Figure 6.18. Logical operators.
(This item is displayed on pages 251  252 in the print version)
1 // Fig. 6.18: LogicalOperators.cs 2 // Logical operators. 3 using System; 4 5 public class LogicalOperators 6 { 7 public static void Main( string[] args ) 8 { 9 // create truth table for && (conditional AND) operator 10 Console.WriteLine( "{0} {1}: {2} {3}: {4} {5}: {6} {7}: {8} ", 11 "Conditional AND (&&)", "false && false", ( false && false ), 12 "false && true", ( false && true ) 13 "true && false", ( true && false ), 14 "true && true", ( true && true ) ); 15 16 // create truth table for  (conditional OR) operator 17 Console.WriteLine( "{0} {1}: {2} {3}: {4} {5}: {6} {7}: {8} ", 18 "Conditional OR ()", "false  false", ( false  false ), 19 "false  true", ( false  true ), 20 "true  false", ( true  false ), 21 "true  true", ( true  true ) ); 22 23 // create truth table for & (boolean logical AND) operator 24 Console.WriteLine( "{0} {1}: {2} {3}: {4} {5}: {6} {7}: {8} ", 25 "Boolean logical AND (&)", "false & false", ( false & false ) 26 "false & true", ( false & true ), 27 "true & false", ( true & false ), 28 "true & true", ( true & true ) ); 29 30 // create truth table for  (boolean logical inclusive OR) operator 31 Console.WriteLine( "{0} {1}: {2} {3}: {4} {5}: {6} {7}: {8} ", 32 "Boolean logical inclusive OR ()", 33 "false  false", ( false  false ), 34 "false  true", ( false  true ), 35 "true  false", ( true  false ), 36 "true  true", ( true  true ) ); 37 38 // create truth table for ^ (boolean logical exclusive OR) operator 39 Console.WriteLine( "{0} {1}: {2} {3}: {4} {5}: {6} {7}: {8} ", 40 "Boolean logical exclusive OR (^)", 41 "false ^ false", ( false ^ false ), 42 "false ^ true", ( false ^ true ), 43 "true ^ false", ( true ^ false ), 44 "true ^ true", ( true ^ true ) ); 45 46 // create truth table for ! (logical negation) operator 47 Console.WriteLine( "{0} {1}: {2} {3}: {4}", 48 "Logical negation (!)", "!false", ( !false ), 49 "!true", ( !true ) ); 50 } // end Main 51 } // end class LogicalOperators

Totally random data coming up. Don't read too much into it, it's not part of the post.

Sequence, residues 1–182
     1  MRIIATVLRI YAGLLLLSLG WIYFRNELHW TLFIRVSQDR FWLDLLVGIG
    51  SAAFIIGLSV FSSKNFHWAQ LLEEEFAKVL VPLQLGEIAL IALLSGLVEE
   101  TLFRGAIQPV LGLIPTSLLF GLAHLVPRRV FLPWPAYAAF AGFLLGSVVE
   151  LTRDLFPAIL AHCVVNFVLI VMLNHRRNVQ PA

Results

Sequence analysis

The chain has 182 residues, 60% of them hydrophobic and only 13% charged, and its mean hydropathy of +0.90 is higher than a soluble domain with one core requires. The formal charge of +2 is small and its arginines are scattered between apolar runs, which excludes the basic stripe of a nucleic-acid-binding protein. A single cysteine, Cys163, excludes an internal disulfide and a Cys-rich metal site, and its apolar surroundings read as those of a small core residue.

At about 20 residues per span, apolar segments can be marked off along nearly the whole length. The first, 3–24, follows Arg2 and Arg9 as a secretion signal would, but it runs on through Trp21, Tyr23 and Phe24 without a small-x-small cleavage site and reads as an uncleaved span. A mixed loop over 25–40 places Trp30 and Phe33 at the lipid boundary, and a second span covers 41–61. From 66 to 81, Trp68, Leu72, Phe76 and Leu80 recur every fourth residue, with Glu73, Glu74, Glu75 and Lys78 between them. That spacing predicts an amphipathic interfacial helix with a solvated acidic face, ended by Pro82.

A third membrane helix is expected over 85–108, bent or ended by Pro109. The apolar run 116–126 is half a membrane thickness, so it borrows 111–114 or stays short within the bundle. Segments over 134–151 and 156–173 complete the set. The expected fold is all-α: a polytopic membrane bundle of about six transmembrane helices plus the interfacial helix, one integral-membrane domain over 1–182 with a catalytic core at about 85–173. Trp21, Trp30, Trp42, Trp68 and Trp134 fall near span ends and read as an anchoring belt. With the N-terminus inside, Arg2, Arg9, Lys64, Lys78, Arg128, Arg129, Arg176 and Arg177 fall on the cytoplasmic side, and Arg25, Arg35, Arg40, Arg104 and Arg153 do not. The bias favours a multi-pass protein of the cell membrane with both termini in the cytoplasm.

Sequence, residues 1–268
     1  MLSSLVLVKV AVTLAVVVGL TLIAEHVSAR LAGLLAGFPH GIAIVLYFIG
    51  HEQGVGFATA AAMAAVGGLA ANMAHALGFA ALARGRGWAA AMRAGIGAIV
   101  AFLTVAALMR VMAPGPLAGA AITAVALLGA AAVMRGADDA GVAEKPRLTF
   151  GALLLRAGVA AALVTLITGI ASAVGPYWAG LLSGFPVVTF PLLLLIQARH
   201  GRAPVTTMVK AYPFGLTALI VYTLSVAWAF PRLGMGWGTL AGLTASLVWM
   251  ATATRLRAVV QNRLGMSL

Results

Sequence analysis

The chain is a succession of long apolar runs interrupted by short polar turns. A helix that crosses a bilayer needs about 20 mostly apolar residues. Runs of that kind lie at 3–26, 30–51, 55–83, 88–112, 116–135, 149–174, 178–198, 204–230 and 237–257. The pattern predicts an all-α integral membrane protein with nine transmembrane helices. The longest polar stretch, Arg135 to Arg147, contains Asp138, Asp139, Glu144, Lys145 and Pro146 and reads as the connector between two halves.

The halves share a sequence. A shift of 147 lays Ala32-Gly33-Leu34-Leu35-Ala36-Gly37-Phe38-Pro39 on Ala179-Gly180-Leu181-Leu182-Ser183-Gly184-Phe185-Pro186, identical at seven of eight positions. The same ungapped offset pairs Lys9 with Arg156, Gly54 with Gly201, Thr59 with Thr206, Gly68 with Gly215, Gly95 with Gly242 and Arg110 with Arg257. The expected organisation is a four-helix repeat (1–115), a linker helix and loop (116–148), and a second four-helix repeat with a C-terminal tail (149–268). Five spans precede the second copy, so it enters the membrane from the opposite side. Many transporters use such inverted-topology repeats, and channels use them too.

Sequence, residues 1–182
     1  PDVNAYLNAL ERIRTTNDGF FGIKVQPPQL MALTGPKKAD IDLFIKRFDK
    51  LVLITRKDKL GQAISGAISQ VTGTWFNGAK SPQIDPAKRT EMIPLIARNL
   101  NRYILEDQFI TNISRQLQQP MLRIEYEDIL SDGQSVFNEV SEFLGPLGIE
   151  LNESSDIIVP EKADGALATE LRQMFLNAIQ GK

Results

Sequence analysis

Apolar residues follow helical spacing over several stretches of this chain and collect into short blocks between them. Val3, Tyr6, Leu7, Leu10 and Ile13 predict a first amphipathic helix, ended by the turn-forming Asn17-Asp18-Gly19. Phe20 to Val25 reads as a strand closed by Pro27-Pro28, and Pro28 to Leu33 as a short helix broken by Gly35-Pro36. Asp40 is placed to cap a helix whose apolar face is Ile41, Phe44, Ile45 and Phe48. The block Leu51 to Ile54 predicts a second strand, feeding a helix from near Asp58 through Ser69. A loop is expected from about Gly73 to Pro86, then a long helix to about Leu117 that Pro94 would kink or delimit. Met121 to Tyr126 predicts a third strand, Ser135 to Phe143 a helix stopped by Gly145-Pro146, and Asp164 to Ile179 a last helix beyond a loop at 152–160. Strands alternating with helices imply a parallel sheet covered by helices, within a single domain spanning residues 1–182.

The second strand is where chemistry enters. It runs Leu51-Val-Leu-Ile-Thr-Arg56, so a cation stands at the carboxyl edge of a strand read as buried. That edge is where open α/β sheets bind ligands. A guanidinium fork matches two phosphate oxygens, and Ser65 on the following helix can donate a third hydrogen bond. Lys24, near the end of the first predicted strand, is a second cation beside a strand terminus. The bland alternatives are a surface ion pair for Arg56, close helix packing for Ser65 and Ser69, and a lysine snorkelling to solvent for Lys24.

Figure 6.19 shows the precedence and associativity of the C# operators introduced so far. The operators are shown from top to bottom in decreasing order of precedence.
Operators 
Associativity 
Type 

. new ++(postfix) (postfix) 
left to right 
highest precedence 
++  +  ! (type) 
right to left 
unary prefix 
* / % 
left to right 
multiplicative 
+  
left to right 
additive 
< <= > >= 
left to right 
relational 
== != 
left to right 
equality 
& 
left to right 
boolean logical AND 
^ 
left to right 
boolean logical exclusive OR 
 
left to right 
boolean logical inclusive OR 
&& 
left to right 
conditional AND 
 
left to right 
conditional OR 
?: 
right to left 
conditional 
= += = *= /= %= 
right to left 
assignment 
Preface
Index
Introduction to Computers, the Internet and Visual C#
Introduction to the Visual C# 2005 Express Edition IDE
Introduction to C# Applications
Introduction to Classes and Objects
Control Statements: Part 1
Control Statements: Part 2
Methods: A Deeper Look
Arrays
Classes and Objects: A Deeper Look
ObjectOriented Programming: Inheritance
Polymorphism, Interfaces & Operator Overloading
Exception Handling
Graphical User Interface Concepts: Part 1
Graphical User Interface Concepts: Part 2
Multithreading
Strings, Characters and Regular Expressions
Graphics and Multimedia
Files and Streams
Extensible Markup Language (XML)
Database, SQL and ADO.NET
ASP.NET 2.0, Web Forms and Web Controls
Web Services
Networking: StreamsBased Sockets and Datagrams
Searching and Sorting
Data Structures
Generics
Collections
Appendix A. Operator Precedence Chart
Appendix B. Number Systems
Appendix C. Using the Visual Studio 2005 Debugger
Appendix D. ASCII Character Set
Appendix E. Unicode®
Appendix F. Introduction to XHTML: Part 1
Appendix G. Introduction to XHTML: Part 2
Appendix H. HTML/XHTML Special Characters
Appendix I. HTML/XHTML Colors
Appendix J. ATM Case Study Code
Appendix K. UML 2: Additional Diagram Types
Appendix L. Simple Types
Index